I’m astonished that major data breach stories are still occurring and still generating unnerving headlines. How many of these instances do we have to read about before we finally take at least basic action to protect our customer information?
As a result of the latest attack in October, adult dating and pornography website company Friend Finder Networks exposed the private details of more than 412 million customer accounts. The hackers scooped up email addresses, passwords, browser information, IP addresses and membership statuses across multiple related websites. According to monitoring firm Leaked Source, the number of accounts compromised made this attack one of the largest data breaches ever recorded.
What basic best practices are we failing to implement to address security vulnerabilities?
Friend Finder stored customer passwords in plain text format or encrypted using SHA1 hashed. Neither method is considered secure by any stretch of the imagination.
A better practice is to store your account passwords and perhaps all your data using AES-256 bit encryption. At the AES encryption website you can experiment using the encryption and examine an example source code that implements the encryption.
AES encryption is not complicated or expensive to implement, so please take action.
The leaked Friend Finder database included the details of almost 16 million deleted accounts and mostly active accounts for Penthouse.com that had been sold to another company, according to Leaked Source.
Clearly your business processes need to include deleting sold, terminated and inactive accounts after a defined time period. This trivial and seemingly logical recommendation runs smack dab into our pack rat tendencies and paranoia that a future event may occur where someone important asks about how many accounts we or customers terminated over some prior period.
The avoidable damage to your personal and company reputation that a data breach will cause should help you overcome these tendencies and take action to only keep active data.
In May 2015, the personal details of almost four million Friend Finder accounts were leaked by hackers. It appears that Friend Finder management took no action after the first data breach.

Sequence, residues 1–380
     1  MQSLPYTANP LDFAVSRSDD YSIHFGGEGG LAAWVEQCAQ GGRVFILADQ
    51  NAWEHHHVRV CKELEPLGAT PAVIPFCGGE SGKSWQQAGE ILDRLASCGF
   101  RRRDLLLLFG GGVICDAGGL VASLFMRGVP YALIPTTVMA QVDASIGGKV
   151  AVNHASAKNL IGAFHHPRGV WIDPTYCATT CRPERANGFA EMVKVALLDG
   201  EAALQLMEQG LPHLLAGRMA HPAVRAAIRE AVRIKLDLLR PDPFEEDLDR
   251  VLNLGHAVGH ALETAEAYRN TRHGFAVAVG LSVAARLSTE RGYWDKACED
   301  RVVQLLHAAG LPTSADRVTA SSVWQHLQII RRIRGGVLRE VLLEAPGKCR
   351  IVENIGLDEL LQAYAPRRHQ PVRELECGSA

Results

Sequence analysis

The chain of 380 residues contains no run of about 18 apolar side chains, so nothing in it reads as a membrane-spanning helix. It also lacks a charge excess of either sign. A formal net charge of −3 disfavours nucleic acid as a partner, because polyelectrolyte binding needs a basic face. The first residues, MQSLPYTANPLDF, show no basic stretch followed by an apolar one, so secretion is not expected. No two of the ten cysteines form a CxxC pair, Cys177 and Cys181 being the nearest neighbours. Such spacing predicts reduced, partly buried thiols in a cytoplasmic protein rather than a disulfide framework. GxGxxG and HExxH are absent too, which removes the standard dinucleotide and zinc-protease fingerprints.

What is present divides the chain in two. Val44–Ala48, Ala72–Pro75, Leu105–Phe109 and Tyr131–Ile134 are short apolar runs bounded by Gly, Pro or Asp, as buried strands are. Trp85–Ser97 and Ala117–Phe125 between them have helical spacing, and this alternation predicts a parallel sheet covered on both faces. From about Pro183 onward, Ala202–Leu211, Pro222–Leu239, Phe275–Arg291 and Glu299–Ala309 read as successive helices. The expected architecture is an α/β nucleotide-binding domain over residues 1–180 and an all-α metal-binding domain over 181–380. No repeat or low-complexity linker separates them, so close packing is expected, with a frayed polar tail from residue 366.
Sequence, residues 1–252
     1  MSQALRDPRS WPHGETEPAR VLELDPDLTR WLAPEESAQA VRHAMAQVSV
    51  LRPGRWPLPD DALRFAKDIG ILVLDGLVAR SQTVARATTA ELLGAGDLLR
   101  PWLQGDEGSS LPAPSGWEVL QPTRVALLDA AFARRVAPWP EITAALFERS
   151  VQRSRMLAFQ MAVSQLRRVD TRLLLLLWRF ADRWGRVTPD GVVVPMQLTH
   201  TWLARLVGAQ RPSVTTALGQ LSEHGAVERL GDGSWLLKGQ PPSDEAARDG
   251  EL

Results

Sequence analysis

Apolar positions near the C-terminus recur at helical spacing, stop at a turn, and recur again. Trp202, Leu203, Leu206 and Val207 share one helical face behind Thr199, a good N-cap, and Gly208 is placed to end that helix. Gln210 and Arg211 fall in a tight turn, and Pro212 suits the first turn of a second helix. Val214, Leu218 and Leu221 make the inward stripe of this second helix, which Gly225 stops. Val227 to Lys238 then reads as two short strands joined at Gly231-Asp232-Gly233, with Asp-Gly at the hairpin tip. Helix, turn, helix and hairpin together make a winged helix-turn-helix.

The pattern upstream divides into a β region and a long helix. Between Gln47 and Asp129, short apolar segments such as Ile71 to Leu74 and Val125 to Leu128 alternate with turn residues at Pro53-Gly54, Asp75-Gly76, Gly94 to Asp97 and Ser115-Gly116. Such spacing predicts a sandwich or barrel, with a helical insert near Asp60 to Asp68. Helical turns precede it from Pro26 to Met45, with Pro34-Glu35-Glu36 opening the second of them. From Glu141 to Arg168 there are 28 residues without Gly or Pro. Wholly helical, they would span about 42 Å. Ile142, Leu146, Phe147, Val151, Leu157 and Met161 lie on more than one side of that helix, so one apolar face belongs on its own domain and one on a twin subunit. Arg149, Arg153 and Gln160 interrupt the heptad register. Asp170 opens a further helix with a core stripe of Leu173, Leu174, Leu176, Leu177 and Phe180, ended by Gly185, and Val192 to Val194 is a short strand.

The dereliction of duty by the Friend Finder CIO is astonishing. I hope the CIO was fired over this data breach. Sometimes the issue isn’t a lazy CIO but that management turned down the CIO’s request for resources to reduce the risk of data breaches.
The lesson is that improving security and reducing risks to the company reputation as a consequence of a data breach is now everyone’s business. The CIO is likely the best person to lead the effort. The rest of the management team should be supportive.
Friend Finder failed to patch its servers. This disregard makes any computing environment more susceptible to attack.
Neglecting patching can become embarrassing if it facilitates a data breach. Best practices for server patching are not complicated and are well understood. Some organizations license patching software that helps manage the process.
Staff effort is required to monitor servers and perform patching. This work should not be seen as discretionary even if the budget is under pressure.
Some Friend Finder employees lost their laptops. Unfortunately, that loss or theft can happen to anyone. Laptops contain lots of information about your organization and your credentials. Most browsers include a Password Manager that stores user ID’s and passwords for ease of login. While this feature makes life simple for the rightful owner, it also makes unauthorized access a breeze for a hacker that has illicitly acquired your laptop.
Companies should issue a security cable for every laptop that may leave the company premises. Using the cable deters laptop thefts because such theft becomes a lot more complicated.
Companies should install software that phones home on every laptop. The software checks if it’s been reported stolen shortly after every login. If so, the software wipes the hard drive. LoJack is one of a number of software packages that can perform this task.
If you act on the relatively simple points described above, you’ll greatly reduce the risk of data breaches. Click here for more elaborate and expensive best practices that will reduce the risk of data breaches even more.
What is your experience with implementing improvements that reduce the risk of data breaches at your organization?